Customer care - Marketing Management

We have seen that the marketing concept centres on the importance of customers and the absolute necessity of identifying and satisfying their needs and wants. The marketer puts the customer at the centre of the business and the development of organizational strategies. This idea is fundamental to marketers and even non-marketers in that other business functions would not disagree with the notion of the importance and centrality of customers. If this is the case, why has there been an upsurge in the importance of customer care in marketing programmes in recent years, and how does the notion and scope of customer care differ from the traditional marketing concept? How can a company plan and implement effective customer care programmes?

Meaning and scope of customer care

Amongst the many views of the meaning and scope of customer care, the view taken here is that it involves planning all the activities involved in the customer–supplier relationship including pre-, during- and post-transaction stages to ensure that customer expectations are met or exceeded.

This view emphasizes the fact that customer care is all-embracing covering every aspect of customer–supplier relationships. It also illustrates that customer care involves planning in both the strategic and tactical sense.

Customer care entails much more than the notion of customer service, as this focuses more on ‘order-cycle’ related activities. Customer service is an important facet of overall customer care, but centres more on those activities that involve direct contact with the customer. Customer care is a much more holistic way of looking at customer satisfaction. It necessitates the involvement of every facet of the company’s marketing and customer-related programmes and should affect every stage of the marketing planning and implementation process. Why then do we need customer care, and why has it grown in importance in recent years? These are questions that we now examine.

Cost of poor customer care

It is increasingly recognized that should customer expectation at any point in the supplier/customer relationship not be met, this will result in customer dissatisfaction. The extent to which the customer feels dissatisfied depends upon the circumstances. For example, the customer may be simply mildly dissatisfied or at the other extreme might be ‘hopping mad’. Particularly where the latter is the case, we know that every displeased customer is likely to talk about this dissatisfaction to other customers or potential customers. Young1 suggests that customers with bad experiences are twice as likely to tell others about it as those with good experiences. Quite simply, poor customer care loses not only the customer involved, but many more as well.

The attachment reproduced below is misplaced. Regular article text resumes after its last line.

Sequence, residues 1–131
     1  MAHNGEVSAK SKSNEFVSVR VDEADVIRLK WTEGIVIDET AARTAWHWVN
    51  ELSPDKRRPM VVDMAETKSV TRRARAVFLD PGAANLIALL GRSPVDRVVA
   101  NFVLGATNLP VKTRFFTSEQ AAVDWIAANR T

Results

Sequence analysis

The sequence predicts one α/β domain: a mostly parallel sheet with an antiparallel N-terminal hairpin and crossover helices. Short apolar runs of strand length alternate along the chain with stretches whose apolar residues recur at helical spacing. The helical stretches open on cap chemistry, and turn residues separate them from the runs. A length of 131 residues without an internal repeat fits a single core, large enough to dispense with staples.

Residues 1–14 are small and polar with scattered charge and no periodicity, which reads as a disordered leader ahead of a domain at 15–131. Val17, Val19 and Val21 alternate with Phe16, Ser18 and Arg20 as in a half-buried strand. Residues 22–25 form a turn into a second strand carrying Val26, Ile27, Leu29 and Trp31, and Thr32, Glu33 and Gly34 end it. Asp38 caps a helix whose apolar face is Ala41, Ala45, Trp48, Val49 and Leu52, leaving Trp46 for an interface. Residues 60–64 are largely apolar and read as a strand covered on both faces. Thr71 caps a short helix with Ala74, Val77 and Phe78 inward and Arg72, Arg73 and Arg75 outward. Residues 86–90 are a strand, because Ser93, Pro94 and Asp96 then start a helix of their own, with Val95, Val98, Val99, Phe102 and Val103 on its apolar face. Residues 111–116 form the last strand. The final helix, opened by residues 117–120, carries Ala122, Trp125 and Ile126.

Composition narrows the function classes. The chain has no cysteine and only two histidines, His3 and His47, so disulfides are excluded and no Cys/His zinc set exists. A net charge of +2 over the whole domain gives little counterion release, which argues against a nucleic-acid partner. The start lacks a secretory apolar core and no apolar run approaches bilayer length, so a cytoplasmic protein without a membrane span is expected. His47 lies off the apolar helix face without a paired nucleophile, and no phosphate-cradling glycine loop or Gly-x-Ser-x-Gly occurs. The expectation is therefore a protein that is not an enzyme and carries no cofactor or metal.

Benefits of good customer care

We know that satisfied customers are more likely to return to buy again, and over time, become loyal. This illustrates just one of the links between customer care and RM. This is particularly important when we look at the costs of acquiring customers compared to keeping them. Kotler and Keller2 have suggested that in organizational purchasing settings it can cost as much as ten times more to acquire a new customer than it does to keep an existing one. Certainly, the marketing costs required to persuade a new organizational customer to purchase are much greater than those required to persuade a satisfied customer to purchase again. In this respect, the notion of a ‘ladder of loyalty’ has been developed. Peck et al.3 show this as involving the steps or rungs.